All Hallows Eve is on our doorstep; houses are draped in cobwebs and ghosts, tombstones clutter the yards, dark cloaked figures keep watch in the darkness; the crisp air crackles with the energy hovering beyond the veil. I am drawn to the stories of the strange and mysterious: vampires, witches, and worlds that might exist in and around our own. I love to unearth these stories from the experience of everyday life.
One of my first published stories is a supernatural thriller that takes place in a storage locker. I took a real life experience and transformed it, creating a frightening world out of a common situation. The wonderful thing about writing on the strange and mysterious is that I can create any scenario; in the obscurity of the unknown, there are no facts, therefore, the story can be as mind-boggling and improbable as the imagination will allow. Creating worlds is what liberates writers from the boundaries of reality. I love to draw a reader into a fictional world that leaves them wondering about a nameless fear, that pulls them into the story and drags them from the safety of the familiar. Mysteries of the unknown engage us; we are both terrified and fascinated. Writing the dark side should be done eloquently, and include a splash of reality in order for readers to feel they are part of the story. There should be a blending of normalcy along with the impossible to make it appear genuine in a fictional world. The use of imagery and senses are key in drawing the reader into a dark world and making the hairs on the back of their necks rise.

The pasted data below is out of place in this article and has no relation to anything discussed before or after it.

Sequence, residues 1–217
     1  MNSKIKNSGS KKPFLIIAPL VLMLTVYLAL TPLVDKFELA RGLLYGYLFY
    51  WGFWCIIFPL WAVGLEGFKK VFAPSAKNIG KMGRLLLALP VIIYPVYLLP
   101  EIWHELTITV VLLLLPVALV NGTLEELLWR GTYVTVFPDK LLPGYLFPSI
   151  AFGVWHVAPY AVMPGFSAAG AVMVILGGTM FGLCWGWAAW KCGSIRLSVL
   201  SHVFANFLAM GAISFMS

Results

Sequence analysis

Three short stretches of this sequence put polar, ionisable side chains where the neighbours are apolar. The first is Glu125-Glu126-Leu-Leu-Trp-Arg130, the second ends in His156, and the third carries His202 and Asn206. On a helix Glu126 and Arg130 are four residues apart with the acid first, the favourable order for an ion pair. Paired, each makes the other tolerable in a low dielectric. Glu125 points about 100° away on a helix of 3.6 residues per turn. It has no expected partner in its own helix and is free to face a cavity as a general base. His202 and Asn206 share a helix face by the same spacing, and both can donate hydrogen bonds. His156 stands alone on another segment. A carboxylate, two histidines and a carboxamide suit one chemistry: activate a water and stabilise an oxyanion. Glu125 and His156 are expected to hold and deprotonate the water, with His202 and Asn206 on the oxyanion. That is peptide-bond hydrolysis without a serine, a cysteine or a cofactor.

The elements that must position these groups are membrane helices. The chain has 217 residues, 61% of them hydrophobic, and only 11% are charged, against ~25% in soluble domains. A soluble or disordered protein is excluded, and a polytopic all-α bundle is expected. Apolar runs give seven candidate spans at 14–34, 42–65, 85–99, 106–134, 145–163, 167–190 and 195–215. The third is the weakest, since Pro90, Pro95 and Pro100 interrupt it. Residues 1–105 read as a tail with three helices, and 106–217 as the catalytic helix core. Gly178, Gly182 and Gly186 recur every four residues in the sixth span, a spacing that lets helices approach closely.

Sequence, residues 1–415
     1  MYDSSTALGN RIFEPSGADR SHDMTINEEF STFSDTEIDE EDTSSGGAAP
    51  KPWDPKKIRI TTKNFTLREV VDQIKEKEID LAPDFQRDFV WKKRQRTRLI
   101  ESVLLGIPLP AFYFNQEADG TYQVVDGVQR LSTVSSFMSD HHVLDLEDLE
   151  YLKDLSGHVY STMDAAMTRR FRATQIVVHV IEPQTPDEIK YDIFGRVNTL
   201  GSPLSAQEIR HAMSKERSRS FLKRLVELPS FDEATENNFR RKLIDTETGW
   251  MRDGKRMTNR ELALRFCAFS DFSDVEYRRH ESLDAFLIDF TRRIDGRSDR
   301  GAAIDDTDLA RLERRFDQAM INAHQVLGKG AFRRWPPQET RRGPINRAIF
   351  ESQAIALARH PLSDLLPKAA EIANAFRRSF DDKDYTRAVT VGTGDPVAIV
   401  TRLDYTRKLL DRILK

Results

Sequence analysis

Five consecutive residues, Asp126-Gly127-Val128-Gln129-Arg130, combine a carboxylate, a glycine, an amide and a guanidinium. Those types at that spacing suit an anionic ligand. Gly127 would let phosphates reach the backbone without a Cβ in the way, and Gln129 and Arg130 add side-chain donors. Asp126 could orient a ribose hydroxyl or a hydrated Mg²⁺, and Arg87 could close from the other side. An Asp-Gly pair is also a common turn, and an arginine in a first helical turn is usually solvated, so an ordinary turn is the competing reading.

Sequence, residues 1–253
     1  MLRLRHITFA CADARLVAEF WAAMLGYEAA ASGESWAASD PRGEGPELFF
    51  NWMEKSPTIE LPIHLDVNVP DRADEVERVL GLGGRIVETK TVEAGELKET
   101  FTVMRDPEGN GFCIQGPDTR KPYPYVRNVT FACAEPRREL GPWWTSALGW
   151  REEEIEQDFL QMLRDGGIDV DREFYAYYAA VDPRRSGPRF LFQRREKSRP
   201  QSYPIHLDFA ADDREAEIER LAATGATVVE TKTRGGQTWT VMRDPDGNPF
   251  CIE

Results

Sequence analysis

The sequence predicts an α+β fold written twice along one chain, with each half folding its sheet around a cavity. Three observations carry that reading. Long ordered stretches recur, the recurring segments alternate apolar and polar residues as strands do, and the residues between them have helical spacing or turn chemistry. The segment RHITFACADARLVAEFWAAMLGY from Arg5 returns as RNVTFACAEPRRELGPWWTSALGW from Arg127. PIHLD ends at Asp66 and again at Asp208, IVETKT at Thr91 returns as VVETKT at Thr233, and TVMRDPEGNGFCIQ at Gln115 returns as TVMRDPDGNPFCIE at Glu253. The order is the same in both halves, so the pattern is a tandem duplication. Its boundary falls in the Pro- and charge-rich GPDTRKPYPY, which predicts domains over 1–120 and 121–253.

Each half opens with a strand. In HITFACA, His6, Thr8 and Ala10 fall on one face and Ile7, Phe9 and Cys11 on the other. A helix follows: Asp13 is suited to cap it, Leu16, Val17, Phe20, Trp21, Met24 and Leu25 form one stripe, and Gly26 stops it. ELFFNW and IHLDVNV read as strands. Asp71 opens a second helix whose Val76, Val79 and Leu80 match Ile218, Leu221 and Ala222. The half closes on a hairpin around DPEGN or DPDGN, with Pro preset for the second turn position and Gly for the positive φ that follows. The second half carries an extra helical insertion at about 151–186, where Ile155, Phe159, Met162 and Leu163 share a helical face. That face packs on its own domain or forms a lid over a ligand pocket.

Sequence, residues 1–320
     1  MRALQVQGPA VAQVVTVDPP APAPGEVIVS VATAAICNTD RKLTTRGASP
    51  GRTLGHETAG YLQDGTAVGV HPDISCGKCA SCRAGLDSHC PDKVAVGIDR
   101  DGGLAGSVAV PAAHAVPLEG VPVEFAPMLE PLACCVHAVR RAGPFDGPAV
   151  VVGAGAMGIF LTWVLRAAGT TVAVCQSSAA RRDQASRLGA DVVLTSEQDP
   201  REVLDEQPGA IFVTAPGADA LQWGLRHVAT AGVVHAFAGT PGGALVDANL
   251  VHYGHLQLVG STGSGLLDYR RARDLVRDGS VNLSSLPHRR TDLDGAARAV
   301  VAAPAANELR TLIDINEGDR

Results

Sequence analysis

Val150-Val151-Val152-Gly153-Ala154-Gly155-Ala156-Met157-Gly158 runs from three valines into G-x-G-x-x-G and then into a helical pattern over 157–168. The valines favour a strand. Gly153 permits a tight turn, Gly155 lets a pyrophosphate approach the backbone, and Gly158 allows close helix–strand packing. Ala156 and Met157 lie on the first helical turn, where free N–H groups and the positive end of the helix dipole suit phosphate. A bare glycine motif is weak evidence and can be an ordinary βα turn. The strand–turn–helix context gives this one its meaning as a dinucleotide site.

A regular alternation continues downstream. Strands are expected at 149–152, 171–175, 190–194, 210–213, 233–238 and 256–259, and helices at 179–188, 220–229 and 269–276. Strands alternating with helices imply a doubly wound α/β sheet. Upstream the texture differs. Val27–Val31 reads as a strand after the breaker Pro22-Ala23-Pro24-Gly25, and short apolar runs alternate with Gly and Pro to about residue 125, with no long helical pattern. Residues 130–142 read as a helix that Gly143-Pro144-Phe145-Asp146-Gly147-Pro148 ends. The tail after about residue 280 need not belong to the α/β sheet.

“She grabbed the collar on her coat and held it tightly between her hands, trying to close the gap against the creeping cold. She didn’t like the feel of it – the frigid cement beneath her feet, the steel doors, and the maze of hallways leading to dead ends. She didn’t like the unsettling sensation that she was being watched, and when she turned to look behind her, she saw shadows retreat into the walls.” – The Storage Locker by J.G. Chayko
Happy All Hallows Eve
She looks towards the camera, a high ruffled collar crowding her neck, a long dress dripping down her back and spilling onto the floor, high cheekbones displayed in a shadow of light, a wistful expression on her delicate face…she is an image from a bygone time staring out from her black and white world. Who is she? Where did she come from? What is her story? That’s up to you to decide.
Pictures are an excellent source of storytelling. Images can incite a story or ignite a current project. I wrote a short story based on a picture of a brick building in New York; an antiquated iron fire escape snaked its way down the side of the building, and suddenly, I had the makings of a tale of a clandestine affair. Looking at pictures can unleash endless possibilities. I like to take my camera when I go for a walk and snap photos of parks, streets, buildings, alleyways, people, whatever catches my attention, and then I go home and look at them, searching for a story, an emotion, a character. On my corkboard, I have a collage of magazine clippings and sometimes, in a dull moment, I just gaze at the cacophony of colorful images and it provides me with a setting, a moment, or an action.
A picture is not only worth a thousand words – it’s worth a whole literary world.
I don’t always come to the desk ready to work. There are some days I just don’t feel like a writer. I arrive at my writing space feeling sterile and lacking the desire to write. I sit before a blank screen or stare at the last thing I wrote and can’t figure out how I did it. On these days, I need a little incentive to pull myself out of that rut.